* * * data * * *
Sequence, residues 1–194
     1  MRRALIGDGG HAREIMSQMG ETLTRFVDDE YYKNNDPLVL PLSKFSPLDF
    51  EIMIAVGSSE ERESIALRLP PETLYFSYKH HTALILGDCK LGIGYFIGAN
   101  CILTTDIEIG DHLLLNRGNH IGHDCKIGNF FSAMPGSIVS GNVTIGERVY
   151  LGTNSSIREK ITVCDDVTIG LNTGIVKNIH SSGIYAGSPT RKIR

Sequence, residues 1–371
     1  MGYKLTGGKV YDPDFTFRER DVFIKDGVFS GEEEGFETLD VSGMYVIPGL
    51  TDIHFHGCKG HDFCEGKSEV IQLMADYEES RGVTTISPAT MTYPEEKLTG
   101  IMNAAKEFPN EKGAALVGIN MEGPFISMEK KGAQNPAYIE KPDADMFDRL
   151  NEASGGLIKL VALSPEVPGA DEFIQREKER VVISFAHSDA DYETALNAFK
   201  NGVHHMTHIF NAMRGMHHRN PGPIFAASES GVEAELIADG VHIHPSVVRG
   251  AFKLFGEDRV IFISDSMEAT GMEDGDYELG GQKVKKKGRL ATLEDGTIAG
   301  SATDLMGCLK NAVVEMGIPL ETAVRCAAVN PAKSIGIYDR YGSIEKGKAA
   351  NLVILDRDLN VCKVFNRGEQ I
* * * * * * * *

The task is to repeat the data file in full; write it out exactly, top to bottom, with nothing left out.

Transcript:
Sequence, residues 1–194
     1  MRRALIGDGG HAREIMSQMG ETLTRFVDDE YYKNNDPLVL PLSKFSPLDF
    51  EIMIAVGSSE ERESIALRLP PETLYFSYKH HTALILGDCK LGIGYFIGAN
   101  CILTTDIEIG DHLLLNRGNH IGHDCKIGNF FSAMPGSIVS GNVTIGERVY
   151  LGTNSSIREK ITVCDDVTIG LNTGIVKNIH SSGIYAGSPT RKIR

Sequence, residues 1–371
     1  MGYKLTGGKV YDPDFTFRER DVFIKDGVFS GEEEGFETLD VSGMYVIPGL
    51  TDIHFHGCKG HDFCEGKSEV IQLMADYEES RGVTTISPAT MTYPEEKLTG
   101  IMNAAKEFPN EKGAALVGIN MEGPFISMEK KGAQNPAYIE KPDADMFDRL
   151  NEASGGLIKL VALSPEVPGA DEFIQREKER VVISFAHSDA DYETALNAFK
   201  NGVHHMTHIF NAMRGMHHRN PGPIFAASES GVEAELIADG VHIHPSVVRG
   251  AFKLFGEDRV IFISDSMEAT GMEDGDYELG GQKVKKKGRL ATLEDGTIAG
   301  SATDLMGCLK NAVVEMGIPL ETAVRCAAVN PAKSIGIYDR YGSIEKGKAA
   351  NLVILDRDLN VCKVFNRGEQ I